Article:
Because I grew up in a military family, many of my male high school classmates went to West Point, and then to Viet Nam. Twelve years ago, I reconnected with my high school sweetheart and learned he'd been awarded The Bronze Star for "heroic service" in Nam. When I asked him to describe the events leading to the medal, he said "I don't think of myself as a hero. I wasn't feeling courageous. I just did what I had to do."

That's what it was like for me, as I moved from a "suspicious" mammogram to an MRI and biopsy, to bilateral mastectomy all within a two-week period. I just did what I had to do. As have many of you, I always wondered if I would be frightened by life-threatening circumstances. I was not, and so I don't feel "brave" or "amazing" as others have suggested.

Last week I went to my first breast cancer support group meeting, and the other women there said their experience was similar to mine. 

It's like driving in a heavy rainstorm late at night. You'd rather be home by a cozy fire, but you're on full alert, every sense attuned to what's happening in your immediate environment. You don't have time to be afraid. 

Tuesday, January 11, 2011

The Cries of the World

I wept when my friend Nancy gave me this statue after my surgery, with only an intuition of why Kuan Yin touched me so. Then I read this quote from Exotic India, which captures how I have been feeling these past few weeks:  

Kuan Yin: The Compassionate Rebel. Buddhism's most enduring (and universal) contribution to the world has been insufficiently translated as compassion. The original Sanskrit word is karuna, which holds within itself traces of the fragment ru, meaning to weep.

The term karuna is frequently described as a love for all beings. However, the all-encompassing nature of compassion is quite unlike conventional lovewhich is rooted in dualistic thinking and is egoistic, possessive, and exclusive. 

Karuna's root meaning is said to be the anguished cry of deep sorrow and understanding that can only come from an unblemished sense of oneness with others. The name of Kuan Yin signifies her compassionate nature, literally meaning 'One who hears the cries of the world.'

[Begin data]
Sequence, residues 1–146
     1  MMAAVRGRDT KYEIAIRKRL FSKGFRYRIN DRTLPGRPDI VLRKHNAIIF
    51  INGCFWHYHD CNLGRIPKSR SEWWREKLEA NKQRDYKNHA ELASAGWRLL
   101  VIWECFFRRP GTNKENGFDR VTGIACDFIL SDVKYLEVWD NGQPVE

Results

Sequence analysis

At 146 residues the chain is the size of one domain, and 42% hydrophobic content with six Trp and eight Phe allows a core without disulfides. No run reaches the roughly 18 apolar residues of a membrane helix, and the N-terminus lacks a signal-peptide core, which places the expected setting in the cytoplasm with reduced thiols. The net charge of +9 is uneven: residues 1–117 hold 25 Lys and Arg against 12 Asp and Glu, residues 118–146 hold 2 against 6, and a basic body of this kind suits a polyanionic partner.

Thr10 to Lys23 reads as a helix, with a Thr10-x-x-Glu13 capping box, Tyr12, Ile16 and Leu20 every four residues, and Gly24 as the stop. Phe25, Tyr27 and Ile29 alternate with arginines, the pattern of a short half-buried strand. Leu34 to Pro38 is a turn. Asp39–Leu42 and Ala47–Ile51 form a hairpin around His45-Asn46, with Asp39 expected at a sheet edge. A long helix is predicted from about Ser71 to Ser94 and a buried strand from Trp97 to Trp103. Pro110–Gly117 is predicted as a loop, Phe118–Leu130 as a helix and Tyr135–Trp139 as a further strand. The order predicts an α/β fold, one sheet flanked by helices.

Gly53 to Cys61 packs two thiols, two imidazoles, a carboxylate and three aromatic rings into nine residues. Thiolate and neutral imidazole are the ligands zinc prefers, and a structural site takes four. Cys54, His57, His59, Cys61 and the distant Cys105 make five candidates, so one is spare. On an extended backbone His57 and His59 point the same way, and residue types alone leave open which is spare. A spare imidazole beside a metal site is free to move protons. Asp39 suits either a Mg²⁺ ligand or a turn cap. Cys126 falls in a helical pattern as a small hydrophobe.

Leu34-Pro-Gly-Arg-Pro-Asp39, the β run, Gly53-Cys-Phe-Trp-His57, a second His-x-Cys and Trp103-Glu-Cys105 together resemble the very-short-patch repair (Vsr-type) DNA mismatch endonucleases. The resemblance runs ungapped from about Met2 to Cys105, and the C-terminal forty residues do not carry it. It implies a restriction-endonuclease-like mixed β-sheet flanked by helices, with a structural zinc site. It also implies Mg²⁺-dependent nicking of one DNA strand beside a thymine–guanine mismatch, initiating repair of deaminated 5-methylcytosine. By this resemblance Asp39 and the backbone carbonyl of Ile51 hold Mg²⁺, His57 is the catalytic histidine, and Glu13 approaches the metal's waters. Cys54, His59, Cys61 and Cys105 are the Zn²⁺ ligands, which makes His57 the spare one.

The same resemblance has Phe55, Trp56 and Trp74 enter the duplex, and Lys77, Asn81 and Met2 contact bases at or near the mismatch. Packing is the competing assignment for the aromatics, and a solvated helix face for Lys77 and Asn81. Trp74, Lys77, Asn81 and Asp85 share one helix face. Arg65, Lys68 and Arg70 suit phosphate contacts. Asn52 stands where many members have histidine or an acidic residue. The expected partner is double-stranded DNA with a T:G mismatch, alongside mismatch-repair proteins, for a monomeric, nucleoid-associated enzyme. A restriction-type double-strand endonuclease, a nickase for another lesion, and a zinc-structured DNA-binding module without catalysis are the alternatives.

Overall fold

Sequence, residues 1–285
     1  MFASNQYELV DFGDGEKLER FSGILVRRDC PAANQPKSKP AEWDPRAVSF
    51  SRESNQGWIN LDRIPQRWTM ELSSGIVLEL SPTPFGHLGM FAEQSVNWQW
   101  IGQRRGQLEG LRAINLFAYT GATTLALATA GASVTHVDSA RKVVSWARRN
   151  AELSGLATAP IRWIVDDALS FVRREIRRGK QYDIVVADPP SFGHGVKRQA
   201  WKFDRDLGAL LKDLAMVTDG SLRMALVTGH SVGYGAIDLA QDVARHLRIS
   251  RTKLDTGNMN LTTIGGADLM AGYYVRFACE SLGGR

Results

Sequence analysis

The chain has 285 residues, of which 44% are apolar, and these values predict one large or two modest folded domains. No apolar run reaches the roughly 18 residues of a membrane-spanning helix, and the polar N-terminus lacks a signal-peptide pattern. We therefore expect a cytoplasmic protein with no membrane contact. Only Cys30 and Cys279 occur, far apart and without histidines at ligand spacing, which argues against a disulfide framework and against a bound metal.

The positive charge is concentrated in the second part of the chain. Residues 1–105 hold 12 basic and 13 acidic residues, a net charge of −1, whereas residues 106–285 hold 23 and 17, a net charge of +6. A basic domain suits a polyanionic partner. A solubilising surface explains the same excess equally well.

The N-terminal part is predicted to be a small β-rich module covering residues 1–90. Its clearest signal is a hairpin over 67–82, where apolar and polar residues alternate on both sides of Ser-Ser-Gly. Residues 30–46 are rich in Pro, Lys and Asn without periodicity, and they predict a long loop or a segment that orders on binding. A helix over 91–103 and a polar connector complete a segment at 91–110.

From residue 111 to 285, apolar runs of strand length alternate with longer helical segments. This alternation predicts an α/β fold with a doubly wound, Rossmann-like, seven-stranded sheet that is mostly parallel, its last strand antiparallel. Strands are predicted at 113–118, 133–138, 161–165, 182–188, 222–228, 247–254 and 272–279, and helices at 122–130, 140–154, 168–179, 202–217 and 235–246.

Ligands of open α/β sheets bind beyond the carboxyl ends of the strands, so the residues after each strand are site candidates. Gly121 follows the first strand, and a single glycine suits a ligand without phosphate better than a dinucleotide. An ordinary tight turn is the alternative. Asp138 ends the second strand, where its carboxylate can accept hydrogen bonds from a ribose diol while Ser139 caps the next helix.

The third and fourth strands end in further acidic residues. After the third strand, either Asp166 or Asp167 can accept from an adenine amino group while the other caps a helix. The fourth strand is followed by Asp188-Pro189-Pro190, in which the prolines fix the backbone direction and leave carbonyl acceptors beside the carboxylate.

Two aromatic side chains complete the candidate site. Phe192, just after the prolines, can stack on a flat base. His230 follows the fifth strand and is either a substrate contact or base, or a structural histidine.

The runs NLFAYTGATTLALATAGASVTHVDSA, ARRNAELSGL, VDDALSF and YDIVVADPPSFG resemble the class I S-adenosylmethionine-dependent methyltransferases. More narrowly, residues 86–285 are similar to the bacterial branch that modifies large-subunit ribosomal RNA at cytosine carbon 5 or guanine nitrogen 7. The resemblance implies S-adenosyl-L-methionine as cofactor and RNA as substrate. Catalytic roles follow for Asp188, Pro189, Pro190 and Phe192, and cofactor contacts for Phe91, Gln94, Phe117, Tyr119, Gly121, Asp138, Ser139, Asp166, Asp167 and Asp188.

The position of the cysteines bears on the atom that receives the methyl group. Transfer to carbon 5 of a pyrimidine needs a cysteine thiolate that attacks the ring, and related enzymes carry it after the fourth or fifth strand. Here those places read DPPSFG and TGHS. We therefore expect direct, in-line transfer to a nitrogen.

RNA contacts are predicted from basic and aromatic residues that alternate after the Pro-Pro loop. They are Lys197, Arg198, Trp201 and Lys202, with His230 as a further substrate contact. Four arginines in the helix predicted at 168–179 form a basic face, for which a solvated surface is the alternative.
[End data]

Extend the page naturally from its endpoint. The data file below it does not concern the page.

Sunday, January 9, 2011

Grist for the Mill

The Sandhill Stage -- a concert series at the Prairie Creek Lodge to benefit the non-profits Conservation Burial, Inc. and Alachua Conservation Trust.
At a Sandhill Stage concert last night, Penny Nichols sang "Grist for the Mill" from The 8 Voyages of Nep, about her own experience with breast cancer.

Penny brought it all back to me -- Linda Ronstadt and the Stone Ponies, Janis Joplin, Mother Earth, Jefferson Airplane. So much pain, so much love, so many blessings, it's all grist for the mill (click here, scroll down and play #4): 

Bring it in, bring it in, 
it's all grist for the mill. 
What comes out is the sweetest flower, 
fills me up in my darkest hour.
Bring it in, bring it in,
it's all grist for the mill.

Saturday, January 8, 2011

Theater of the Absurd

The lymph ducts of the breast usually drain to the sentinel node before the lymph nodes underneath the arm. It's called the "sentinel" because it helps sound the warning when cancer has spread.
I have been very, very lucky. The radiology team was able to isolate the sentinel lymph nodes for each breast before surgery. The word "sentinel" stems from the Latin sentire, to watch, and my sentinel nodes took care of me, alerting the doctors that no further lymph nodes need be taken, and no chemo is necessary. 

There was drama in the surgical theater, drama in my happy conversation on New Years Eve morning when my surgeon reported the news. "We did the right thing; we got it all."

Since the surgery a week ago, you can think of my life as a theater of the absurd. Stage directions:
Single actor onstage, night-time, then day-time, a bed, a reclining chair (both surrounded by rumpled covers, socks). A CD player. Actor sighs, adjusts reclining position on bed, fluffs pillows, dozes, awakens, moves to chair, raises and lowers chair back, sighs. She turns on CD player with remote, listens to indistinct voices, dozes, sighs, moves back to bed. No monologue.